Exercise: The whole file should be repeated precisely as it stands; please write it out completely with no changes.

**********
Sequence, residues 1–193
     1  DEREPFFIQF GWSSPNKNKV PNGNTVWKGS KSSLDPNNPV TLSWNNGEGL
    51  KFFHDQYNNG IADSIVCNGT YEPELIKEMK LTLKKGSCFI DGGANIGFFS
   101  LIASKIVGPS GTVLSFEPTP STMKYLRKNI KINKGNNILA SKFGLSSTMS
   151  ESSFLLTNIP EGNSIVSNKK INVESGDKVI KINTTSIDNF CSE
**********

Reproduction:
Sequence, residues 1–193
     1  DEREPFFIQF GWSSPNKNKV PNGNTVWKGS KSSLDPNNPV TLSWNNGEGL
    51  KFFHDQYNNG IADSIVCNGT YEPELIKEMK LTLKKGSCFI DGGANIGFFS
   101  LIASKIVGPS GTVLSFEPTP STMKYLRKNI KINKGNNILA SKFGLSSTMS
   151  ESSFLLTNIP EGNSIVSNKK INVESGDKVI KINTTSIDNF CSE